I snap at her when I should explain, demand when I should ask. I long for bedtime (only to miss her five minutes after she’s asleep).

When she tells me “You’re the worst mummy I’ve ever had”, ironically usually when I feel like I’ve not done too badly that day, it hits its mark.

Guilt comes trotting up telling me she’s like this because I’m doing it all wrong.

“She’s a reflection of you.”

And then, every now and then, something happens and I see a glimmer of light. A flicker of what I hope she might be like in the future.

We were in a shopping mall recently looking out of the window while we waited for Mark and she spotted a man going through the litter bins.

“Why is he putting his hands in the bins?” She asked. That is a definite no in our house.

I try and answer all her questions as honestly as possible – while remembering she’s three.

“He’s looking for food. He doesn’t have a home, so he doesn’t have his own kitchen, which means he has no food and he’s hungry.”

“That’s really sad,” she said, frowning.

“It is really sad. It makes us really lucky because we do have a home and we have food in our fridge.”

“I know! He could come and live with us,” She said, ready to dash down the stairs and invite him.

I felt a lump in my throat.

“That would be a nice thing to do but we unfortunately don’t have enough room. Where would he sleep?”

“He can have my bed.”

“Your bed is only small though. How about this? When we go shopping we can buy some extra food for people like him who need it.”

I try and do this anyway but I’ve never thought to explain why I’ve put the pasta and soup I’ve just bought as part of our shopping into the wire basket by the check out for the food bank. It’s not enough, of course, and her kindness made me realise that it’s not a very personal approach and that maybe I need to do more.

She seemed somewhat satisfied with that (she told every one we know that she had something sad to tell them and then explained homelessness for days afterwards, so it was clearly still playing on her mind). In the next moment she had taken her shoes off and was refusing to put them back on.

Even as I thought “here we go again’, I smiled.

I’m not claiming any credit for her compassion, as I feel like maybe that has to be something within you, but it makes me excited to see who eventually steps off that rollercoaster (and start bookmarking blog posts like this to see me through her teenage years or maybe four, five, six etc, which friends tell me also have their challenges).

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How did you handle the contrary stage? Did you just hold on tight and enjoy the ride?

Little Hearts, Big Love

Life, The Universe And My Three-Year-Old.

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“Mummy, do you know what the Big Bang was?” Freya asked.

It was 7am and it had been my turn for a lie-in (I know, who’d have though I’d ever call 7am a lie-in?). I had woken up just a few seconds before. As I staggered into the living room my mind was on what to have for breakfast, not trying to explain the creation of the universe.

I actually swore in my head (I’m really grumpy first-thing).

My poor old brain started to crank up, I could almost hear the rusty cogs begin to ever-so-slowly grind together.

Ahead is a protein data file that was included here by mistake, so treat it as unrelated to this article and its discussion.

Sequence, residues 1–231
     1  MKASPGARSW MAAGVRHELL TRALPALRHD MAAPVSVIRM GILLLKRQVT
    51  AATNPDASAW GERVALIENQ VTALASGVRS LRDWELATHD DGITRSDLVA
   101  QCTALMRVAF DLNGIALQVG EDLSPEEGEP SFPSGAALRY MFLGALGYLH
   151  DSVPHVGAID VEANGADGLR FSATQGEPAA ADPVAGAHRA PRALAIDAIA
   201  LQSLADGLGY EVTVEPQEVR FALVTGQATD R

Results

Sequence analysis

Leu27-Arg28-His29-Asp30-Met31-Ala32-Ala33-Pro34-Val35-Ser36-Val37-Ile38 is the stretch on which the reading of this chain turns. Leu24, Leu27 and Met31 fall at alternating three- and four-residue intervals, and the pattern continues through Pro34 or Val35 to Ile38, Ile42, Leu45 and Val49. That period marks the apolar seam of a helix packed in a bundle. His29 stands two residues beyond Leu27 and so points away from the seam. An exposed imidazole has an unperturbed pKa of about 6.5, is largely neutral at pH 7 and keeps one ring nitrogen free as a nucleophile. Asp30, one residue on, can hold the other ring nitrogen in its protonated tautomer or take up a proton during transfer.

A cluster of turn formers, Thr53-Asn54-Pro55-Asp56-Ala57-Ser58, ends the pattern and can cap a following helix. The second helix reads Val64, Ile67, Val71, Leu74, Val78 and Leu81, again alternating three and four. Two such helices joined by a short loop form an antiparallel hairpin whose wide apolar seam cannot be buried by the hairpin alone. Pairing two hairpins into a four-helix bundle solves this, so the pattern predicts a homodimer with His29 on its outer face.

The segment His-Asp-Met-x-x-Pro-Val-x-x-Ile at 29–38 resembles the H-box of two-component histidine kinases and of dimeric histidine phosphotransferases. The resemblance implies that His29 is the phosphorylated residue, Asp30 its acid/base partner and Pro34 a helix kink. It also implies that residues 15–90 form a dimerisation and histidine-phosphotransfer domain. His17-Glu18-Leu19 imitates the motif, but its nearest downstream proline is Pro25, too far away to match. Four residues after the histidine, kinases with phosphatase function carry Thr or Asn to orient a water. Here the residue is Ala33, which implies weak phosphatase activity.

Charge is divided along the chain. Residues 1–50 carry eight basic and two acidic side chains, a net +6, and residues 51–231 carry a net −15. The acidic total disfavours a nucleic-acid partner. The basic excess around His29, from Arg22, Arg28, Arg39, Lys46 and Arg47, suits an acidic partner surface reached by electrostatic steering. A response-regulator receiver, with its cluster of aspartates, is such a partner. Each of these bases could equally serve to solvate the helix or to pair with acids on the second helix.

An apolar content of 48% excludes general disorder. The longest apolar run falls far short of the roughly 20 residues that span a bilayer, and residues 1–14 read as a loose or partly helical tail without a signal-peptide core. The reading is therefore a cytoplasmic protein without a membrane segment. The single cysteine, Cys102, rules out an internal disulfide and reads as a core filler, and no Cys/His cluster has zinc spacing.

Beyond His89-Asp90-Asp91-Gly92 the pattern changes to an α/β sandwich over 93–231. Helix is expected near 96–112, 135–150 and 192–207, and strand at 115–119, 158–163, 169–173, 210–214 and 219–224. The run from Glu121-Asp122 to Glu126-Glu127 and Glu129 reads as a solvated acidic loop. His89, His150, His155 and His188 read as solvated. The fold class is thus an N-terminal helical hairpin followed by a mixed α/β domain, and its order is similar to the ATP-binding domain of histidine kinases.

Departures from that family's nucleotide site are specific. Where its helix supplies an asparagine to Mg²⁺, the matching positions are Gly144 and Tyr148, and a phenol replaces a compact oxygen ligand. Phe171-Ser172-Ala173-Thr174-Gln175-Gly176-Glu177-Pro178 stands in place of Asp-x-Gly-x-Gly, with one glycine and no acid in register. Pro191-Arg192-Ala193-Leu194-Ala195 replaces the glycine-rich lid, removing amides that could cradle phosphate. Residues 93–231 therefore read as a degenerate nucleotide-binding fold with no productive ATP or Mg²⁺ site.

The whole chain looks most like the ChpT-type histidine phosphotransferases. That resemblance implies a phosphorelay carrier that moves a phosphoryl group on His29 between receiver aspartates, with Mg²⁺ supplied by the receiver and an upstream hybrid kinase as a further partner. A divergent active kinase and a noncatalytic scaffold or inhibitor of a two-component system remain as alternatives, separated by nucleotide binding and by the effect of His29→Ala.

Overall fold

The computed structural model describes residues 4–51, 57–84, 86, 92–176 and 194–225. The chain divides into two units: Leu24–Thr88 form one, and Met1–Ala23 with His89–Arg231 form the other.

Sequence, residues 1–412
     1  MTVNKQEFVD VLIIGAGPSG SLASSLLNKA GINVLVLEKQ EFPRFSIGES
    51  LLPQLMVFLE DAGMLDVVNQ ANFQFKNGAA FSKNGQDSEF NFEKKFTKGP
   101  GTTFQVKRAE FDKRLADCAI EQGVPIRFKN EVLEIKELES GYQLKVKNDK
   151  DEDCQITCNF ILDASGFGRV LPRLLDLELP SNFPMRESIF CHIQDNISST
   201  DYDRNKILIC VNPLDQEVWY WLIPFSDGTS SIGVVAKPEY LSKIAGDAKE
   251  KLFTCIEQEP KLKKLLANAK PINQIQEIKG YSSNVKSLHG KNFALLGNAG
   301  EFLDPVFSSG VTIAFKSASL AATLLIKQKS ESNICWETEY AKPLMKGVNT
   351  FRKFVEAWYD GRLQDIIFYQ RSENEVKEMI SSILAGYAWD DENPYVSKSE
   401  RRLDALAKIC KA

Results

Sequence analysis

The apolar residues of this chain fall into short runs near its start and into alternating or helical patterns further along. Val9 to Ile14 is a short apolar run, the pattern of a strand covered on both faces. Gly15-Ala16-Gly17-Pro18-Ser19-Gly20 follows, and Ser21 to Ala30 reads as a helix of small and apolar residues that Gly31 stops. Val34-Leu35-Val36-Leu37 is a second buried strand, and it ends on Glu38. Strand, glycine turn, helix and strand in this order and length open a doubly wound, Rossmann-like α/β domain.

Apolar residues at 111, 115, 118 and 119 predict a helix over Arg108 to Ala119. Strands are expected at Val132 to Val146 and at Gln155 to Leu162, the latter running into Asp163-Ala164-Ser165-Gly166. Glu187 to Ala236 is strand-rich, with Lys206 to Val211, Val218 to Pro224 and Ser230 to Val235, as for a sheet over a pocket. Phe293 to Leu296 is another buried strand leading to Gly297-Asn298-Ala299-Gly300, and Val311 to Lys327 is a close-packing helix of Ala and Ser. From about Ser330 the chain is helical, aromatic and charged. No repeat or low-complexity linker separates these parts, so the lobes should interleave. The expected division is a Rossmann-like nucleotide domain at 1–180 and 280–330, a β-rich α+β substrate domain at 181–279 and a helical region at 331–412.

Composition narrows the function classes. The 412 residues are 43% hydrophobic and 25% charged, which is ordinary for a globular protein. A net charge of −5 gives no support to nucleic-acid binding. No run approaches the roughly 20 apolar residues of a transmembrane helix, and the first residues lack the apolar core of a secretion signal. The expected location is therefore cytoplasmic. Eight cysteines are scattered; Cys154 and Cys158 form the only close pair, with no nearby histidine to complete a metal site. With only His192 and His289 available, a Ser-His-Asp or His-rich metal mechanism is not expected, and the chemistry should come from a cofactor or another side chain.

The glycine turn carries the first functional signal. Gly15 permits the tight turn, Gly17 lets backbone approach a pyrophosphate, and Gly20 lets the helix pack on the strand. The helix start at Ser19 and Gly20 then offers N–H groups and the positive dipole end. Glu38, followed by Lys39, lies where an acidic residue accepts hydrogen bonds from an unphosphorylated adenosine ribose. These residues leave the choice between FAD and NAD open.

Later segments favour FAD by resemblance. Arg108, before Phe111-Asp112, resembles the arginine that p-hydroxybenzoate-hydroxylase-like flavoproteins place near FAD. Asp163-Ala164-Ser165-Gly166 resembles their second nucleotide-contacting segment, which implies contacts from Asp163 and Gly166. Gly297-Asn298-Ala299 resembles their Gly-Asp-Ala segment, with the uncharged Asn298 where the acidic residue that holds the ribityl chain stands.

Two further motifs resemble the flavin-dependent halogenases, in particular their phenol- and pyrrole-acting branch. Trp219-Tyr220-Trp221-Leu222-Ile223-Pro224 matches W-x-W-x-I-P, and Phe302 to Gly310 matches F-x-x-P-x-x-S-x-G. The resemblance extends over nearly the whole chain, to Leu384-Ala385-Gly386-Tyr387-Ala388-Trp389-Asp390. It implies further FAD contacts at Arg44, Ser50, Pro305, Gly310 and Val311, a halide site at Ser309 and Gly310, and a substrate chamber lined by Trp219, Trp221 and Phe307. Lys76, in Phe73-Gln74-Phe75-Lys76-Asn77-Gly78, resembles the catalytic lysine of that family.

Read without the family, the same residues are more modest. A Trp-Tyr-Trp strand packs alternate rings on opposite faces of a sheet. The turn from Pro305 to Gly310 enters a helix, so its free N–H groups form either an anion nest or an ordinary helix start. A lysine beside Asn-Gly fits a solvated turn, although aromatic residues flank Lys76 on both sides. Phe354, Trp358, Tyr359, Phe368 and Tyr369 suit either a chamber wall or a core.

She’s been asking some corkers lately…”What is Roman?”, “Where does water come from?” and “Who is Jesus?”

While I’ve had a good stab at them, they can sometimes lack a few (very occasionally essential) facts. She usually asks things at The Worst Possible Moment, such as when I’m driving, in the middle of the supermarket shop or desperately trying to find a public toilet for her. As a result I usually follow up with a “we can look it up when we get home” using my handy set of encyclopedia, which a neighbour gave to me when I was small (and date from 1933). They have been lugged from house to house for several decades and even though some of the information is perhaps a little out of date (and some things obviously don’t feature at all) I love physically being able to flick through the pages and look something up.

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Her questions have definitely been getting harder lately (and by that I mean she no longer just asks “why?” to everything) but this, well…

“So…” I started, working out how best to explain it to a three-year-old.

“You know she means the big bang from last night, right? The sound that made her jump,” Mark interrupted, looking at me like I was losing the plot.

All of the air whooshed out of my body.

“Thank goodness.” Although in some respects that was harder to answer because I had no knowledge of this bang.

“Probably a car backfiring,” I guessed.

She seemed happy enough.

~

A quick snapshot of some of the things she’s said to make me laugh/cry a little recently.

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“What sort of cake should we make?” I asked her.

“Not a poisoned one,” she answered instantly.

Well. I always set out trying not to poison people with baked goods, honest.

Mark and I were chatting in the car recently about something he needed to do for work and he asked me:

“Have you ever written a skills matrix?”

Before I could answer, Freya piped up from the back: “I have but it was a long time ago”.

!

Then there is the brutal honesty.

I came out of the bathroom wearing a new red top. I hardly ever buy anything new but I saw this top and thought I would cheer myself up with a little treat.

“I think you look better in your old clothes,” Freya said as soon as she saw me.

Charming.

Life is never dull, that’s for sure.

Little Hearts, Big Love
Cuddle Fairy